Last Updated on Saturday, 12 February 2011 14:28
In open play the functional roles of the rugby players are more situational rather then basedon the position on set-pieces. What is required from the players depends on the situation. This is where a rugby team with players with both a good collective awareness of space and opportunities and a high general skill level can express themselves. Perhaps a reason why counter attacking French rugby sides are so successful? Several roles are defined:
The most important thing is to communicate and coach the player in front of you. Tell him what you expect from him. Four different roles (or families) are described:
Key Factors - Rucks
- Stand in the tackle or
- Drive forward as far as possible
- Fall at right angles to the touch-line back on to the opponents
- Place the ball for team-mates
- Move away
Key Factors - Mauls
- Stand "in the tackle"
- Outside shoulder forward
- In a crouch feet shoulder width apart
- Control the tackler
- Present the ball
- Bind on the support
Ideally the Ball Retainer should not go to ground in the tackle because it is very difficult to recover ball that is on the ground. If this is unavoidable the player shall drive forward as long as he has forward momentum before falling to the ground. Do not get isolated ! By driving forward the player's teammates can more easily move forward and support.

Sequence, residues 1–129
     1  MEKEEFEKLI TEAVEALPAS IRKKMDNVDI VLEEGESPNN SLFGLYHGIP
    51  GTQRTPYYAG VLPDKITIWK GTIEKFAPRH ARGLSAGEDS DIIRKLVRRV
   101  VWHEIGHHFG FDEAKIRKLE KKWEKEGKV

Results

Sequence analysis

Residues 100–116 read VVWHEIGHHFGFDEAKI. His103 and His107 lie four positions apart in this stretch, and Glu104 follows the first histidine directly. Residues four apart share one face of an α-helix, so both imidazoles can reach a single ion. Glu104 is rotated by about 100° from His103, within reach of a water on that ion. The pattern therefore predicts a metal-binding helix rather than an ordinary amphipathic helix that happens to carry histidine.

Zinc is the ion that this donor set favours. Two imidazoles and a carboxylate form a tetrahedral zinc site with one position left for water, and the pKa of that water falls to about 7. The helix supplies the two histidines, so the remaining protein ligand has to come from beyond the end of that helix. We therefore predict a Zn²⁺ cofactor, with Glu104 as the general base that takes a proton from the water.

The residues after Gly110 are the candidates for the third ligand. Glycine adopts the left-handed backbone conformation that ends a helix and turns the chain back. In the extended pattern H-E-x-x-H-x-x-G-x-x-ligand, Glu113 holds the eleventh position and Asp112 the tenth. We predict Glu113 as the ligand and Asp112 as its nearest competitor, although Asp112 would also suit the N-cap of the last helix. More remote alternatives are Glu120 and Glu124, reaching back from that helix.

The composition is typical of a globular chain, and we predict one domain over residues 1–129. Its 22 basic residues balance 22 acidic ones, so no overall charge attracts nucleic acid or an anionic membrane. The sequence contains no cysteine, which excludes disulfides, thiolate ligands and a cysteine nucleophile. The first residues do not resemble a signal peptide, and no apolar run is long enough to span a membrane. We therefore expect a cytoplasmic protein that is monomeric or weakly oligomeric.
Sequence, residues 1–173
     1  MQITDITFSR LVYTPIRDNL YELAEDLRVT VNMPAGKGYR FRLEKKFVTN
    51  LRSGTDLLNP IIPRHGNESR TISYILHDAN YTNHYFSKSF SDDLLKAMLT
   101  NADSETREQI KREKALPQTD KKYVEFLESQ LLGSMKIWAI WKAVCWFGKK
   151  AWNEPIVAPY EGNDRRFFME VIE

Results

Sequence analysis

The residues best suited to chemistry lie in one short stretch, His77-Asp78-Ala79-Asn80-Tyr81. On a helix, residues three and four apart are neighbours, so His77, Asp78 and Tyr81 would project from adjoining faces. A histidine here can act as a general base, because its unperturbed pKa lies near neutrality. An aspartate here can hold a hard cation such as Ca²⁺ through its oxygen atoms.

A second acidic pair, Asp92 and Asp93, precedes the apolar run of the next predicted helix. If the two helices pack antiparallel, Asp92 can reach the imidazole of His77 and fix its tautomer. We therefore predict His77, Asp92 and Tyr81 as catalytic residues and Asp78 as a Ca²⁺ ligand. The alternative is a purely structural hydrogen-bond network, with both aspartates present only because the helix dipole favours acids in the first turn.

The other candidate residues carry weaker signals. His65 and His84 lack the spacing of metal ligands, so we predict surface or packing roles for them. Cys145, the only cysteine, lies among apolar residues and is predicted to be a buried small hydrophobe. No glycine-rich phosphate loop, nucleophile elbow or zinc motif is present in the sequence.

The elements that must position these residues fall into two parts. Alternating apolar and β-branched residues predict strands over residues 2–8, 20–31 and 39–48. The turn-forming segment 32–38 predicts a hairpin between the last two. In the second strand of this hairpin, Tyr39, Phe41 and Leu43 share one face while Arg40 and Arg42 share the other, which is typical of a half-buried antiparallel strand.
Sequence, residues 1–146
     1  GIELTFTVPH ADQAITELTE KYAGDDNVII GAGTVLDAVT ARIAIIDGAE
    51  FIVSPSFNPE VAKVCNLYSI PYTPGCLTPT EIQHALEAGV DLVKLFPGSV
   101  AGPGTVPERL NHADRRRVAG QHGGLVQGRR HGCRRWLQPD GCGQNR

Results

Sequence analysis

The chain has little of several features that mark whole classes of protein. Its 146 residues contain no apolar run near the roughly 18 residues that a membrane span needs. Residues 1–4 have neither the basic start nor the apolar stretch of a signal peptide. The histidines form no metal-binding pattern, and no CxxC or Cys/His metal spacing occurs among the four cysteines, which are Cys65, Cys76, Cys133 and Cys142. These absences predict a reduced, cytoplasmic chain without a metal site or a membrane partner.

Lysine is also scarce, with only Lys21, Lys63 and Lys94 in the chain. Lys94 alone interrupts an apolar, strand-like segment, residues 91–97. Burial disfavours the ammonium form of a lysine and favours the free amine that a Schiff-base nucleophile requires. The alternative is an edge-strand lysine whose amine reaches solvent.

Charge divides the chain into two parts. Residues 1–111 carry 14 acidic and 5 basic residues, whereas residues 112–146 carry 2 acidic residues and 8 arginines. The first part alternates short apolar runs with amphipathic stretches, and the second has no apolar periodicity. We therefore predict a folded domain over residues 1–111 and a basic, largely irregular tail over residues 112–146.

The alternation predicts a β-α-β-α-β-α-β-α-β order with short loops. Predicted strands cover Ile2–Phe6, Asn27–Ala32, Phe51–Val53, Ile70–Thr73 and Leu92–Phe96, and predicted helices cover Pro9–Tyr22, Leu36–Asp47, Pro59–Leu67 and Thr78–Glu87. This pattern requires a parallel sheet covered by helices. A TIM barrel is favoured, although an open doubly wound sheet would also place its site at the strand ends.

As the player goes to ground place the ball for teammates. The Laws allow you to do this immediately after the tackle. The placement of the ball varies. Some favor putting it close to the body. Here it is very difficult for the opposition to regain. By placing it further away it is available to teammates but is also available to opponents.
If the ball retainer is able to stand in the tackle the stance should be stable with feet shoulder width apart sinking at the hips and bending at the knees.
Your outside shoulder should be forward so that the support players can move to the position of the ball. Face the direction you got the ball from, the player who passed it is most likely the first on to give you support.
By holding the ball on the chest the player allows the next player to drive in above the ball. This enables the ball to be recovered by driving down on it and claiming it with the hands.
This are the playerswho are following the ball after the previous phase: mostly on the inside of the ball.
Key Factors - Rucks
- Position yourself over the tackle
- Either pick up the ball or bind with teammates to form a "front row" over the ball
- Pass to a support runner
As the link player you are the first player to support the ball retainer. If there is time the player should pick up the ball so that it can be moved further forward. This will maintain the momentum of play.
However, there may not be time to pick up the ball. Under these circumstances the player should bind with team-mates and drive through and past the ball so that it is delivered to the scrum half or any other player to pick up and continue the movement.
It is the speed with which the ball is delivered from the ruck that gives the attacking team an advantage. If it is delivered slowly the defense has time to regroup. You can better move forward with a drive.